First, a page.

Committee on Treatment of Post-traumatic Stress Disorder Institute of Medicine. (2008). Treatment of Post-traumatic Stress Disorder : An Assessment of the Evidence. Retrieved                                          from http://site.ebrary.com/lib/champlaincollege/detail.action?docID=10225194

Comments

PTSD is an issue that really needs to be talked about and I am glad that you are bringing it up. Mental health seems to be becoming much less of a taboo as time goes on, but there needs to be more pressure to get adequate research and action. Since you seem to be wanting to focus on governments, it would probably be good to emphasize the previous Canadian government's actions when it came to veteran's affairs. Also, if you want to stick to a strictly Canadian point of view, mentioning well-known people like Roméo Dallaire and Clara Hughes would also be good.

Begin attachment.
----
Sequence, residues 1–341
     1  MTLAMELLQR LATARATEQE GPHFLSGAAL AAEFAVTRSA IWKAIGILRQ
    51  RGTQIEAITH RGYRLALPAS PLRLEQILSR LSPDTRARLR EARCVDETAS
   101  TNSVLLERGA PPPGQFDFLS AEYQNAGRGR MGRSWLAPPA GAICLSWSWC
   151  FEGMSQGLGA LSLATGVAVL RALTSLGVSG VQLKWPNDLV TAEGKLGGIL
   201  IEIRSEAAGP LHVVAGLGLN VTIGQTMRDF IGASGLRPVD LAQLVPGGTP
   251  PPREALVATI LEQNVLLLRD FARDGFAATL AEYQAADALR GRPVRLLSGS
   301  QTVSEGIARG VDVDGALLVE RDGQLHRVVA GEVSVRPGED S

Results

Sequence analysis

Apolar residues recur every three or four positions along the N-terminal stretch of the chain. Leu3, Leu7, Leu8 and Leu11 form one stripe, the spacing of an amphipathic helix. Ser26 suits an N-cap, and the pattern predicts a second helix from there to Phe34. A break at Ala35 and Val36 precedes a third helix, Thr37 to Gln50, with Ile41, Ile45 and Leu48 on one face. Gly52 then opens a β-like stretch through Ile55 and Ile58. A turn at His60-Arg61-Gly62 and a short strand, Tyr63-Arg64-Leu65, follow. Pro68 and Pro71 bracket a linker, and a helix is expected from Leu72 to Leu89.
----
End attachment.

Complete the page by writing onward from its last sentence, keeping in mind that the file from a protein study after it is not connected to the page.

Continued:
You had a good idea to select PTSD for your topic. It can happen to anyone, but I don't feel that there is a high level of awareness towards this disorder in our society. I learned about it in my psychology class, but prior to this class I knew that it existed and I knew that it was the result of a traumatic event since the name is self-explanatory but I was not aware of all the impact that it has on the life of the individual suffering from it. I suggest that you talk about social learning theory when you will talk about the effects of witnessing a parent that is physically abusive since it is directly related. You could also establish a portrait of the population suffering from PTSD (if there is a specific pattern) or just mention the general demographics of these people and the percentage of population that suffers from a PTSD. Anyhow, I really think that you will be covering the most basic aspects of this subject, and it is very important to talk about mental health so I can only wish you the best of luck!